Mobile Traffic Peaks this Christmas Season

December 30, 2013, By Daniel Rapcencu

Christmas shopping this year has brought to light a new trend in online traffic. As per the yearly IBM Digital Analytic Benchmark, mobile traffic has reached its peak during the festive season.

Mobile traffic stood at 48 percent this year, an almost 20 percent jump from the 28.3 percent last year.

A good part of this surge in browsing  happened because of smartphones, as about 28.5 percent of them stood for online traffic, whereas tablets accounted for 18.1 percent of the web traffic during Christmas.

cell-phones

Online shopping also jumped 16.5 percent this year than the figures recorded during 2012. Meanwhile, smartphone users who shopped online account for 9.3 percent, but in the case of tablets it stood at 19.4 percent. Interestingly, tablet users are more spent thrifts according to the report.

The tablet users spent around $95.61 per order, on an average. Smarties only spent about $85.11 on the average. Another interesting fact was that online shopping this season was at its peak usage, mostly through Apple devices.

Apple device users also tend to spend more shopping with their mobile devices. IBM opines that the sales were successfully likely to be closed about five times more with Apple than using Android devices.

The iOS mobile operating system accounted for 23% of total online purchases during the period while Google Android OS, brought home only 4.6% of online sales.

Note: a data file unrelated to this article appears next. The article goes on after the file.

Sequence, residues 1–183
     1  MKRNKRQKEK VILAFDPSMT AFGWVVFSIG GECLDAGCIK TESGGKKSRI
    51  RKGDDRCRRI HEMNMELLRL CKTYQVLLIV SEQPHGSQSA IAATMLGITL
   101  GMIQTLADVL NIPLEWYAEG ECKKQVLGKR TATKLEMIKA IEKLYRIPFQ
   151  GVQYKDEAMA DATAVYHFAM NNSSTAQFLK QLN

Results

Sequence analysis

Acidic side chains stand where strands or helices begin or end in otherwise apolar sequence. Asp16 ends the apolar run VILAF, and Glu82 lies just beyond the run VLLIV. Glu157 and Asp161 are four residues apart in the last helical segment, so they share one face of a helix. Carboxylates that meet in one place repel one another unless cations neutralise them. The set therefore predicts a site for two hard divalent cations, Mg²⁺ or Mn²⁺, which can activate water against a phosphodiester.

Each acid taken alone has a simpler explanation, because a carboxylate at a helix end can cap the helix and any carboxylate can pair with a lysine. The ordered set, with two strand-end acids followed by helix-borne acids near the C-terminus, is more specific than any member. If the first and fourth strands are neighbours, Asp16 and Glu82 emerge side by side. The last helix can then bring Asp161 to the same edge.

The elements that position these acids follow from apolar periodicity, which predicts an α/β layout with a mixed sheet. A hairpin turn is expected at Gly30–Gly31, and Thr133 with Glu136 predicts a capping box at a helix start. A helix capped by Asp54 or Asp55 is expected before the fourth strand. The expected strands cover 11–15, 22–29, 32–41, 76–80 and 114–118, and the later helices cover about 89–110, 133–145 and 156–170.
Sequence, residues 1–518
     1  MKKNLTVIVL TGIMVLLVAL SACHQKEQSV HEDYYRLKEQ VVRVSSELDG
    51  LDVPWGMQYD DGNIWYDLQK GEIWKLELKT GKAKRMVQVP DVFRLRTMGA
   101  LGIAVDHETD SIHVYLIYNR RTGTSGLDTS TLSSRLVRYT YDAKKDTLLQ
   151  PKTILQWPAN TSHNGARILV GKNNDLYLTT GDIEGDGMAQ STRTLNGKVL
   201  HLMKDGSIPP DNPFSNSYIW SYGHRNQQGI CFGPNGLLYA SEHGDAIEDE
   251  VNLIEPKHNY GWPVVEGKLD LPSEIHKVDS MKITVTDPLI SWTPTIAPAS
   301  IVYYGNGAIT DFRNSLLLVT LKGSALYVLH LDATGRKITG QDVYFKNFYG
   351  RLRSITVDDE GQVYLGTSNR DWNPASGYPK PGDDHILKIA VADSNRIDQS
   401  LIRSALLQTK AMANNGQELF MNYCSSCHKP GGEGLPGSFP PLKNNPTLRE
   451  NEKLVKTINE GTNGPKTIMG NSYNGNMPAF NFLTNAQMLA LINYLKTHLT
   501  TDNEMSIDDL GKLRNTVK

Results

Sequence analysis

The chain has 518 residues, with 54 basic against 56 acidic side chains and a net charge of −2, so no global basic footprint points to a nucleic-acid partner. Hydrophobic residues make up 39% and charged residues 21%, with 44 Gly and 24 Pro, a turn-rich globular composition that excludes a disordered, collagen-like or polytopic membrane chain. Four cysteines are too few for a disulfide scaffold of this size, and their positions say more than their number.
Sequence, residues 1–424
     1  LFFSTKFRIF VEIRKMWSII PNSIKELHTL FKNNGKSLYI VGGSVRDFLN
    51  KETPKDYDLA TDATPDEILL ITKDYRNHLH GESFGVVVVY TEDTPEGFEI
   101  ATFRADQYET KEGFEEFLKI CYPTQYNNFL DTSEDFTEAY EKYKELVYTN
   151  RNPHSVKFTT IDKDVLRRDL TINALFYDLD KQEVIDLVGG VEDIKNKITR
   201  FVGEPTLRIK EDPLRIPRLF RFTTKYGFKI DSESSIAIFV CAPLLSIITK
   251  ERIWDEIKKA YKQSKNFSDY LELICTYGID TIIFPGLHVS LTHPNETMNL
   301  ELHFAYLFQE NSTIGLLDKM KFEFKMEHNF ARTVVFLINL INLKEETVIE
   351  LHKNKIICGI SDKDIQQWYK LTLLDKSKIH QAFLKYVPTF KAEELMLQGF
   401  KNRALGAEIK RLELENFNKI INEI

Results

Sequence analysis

traffic-cellphone

Hence, users of iOS spent about $93.94 per order which is two times the amount spent by Android users, who only spend an average of $48.10 per order. Apple also ruled the overall traffic on major websites, as it drove 32.6% of traffic compared to Android’s 14.8%

Also, the online shoppers who were directed from Facebook, spent an average of $72.01 per order meanwhile those from Pinterest have a greater average of $86.83 per order. But the report suggests that people directed from Facebook surely made purchases at about four times more than that of those from Pinterest.

All these indicate that there is certainly a stronger confidence among consumers in social network and related marketing.

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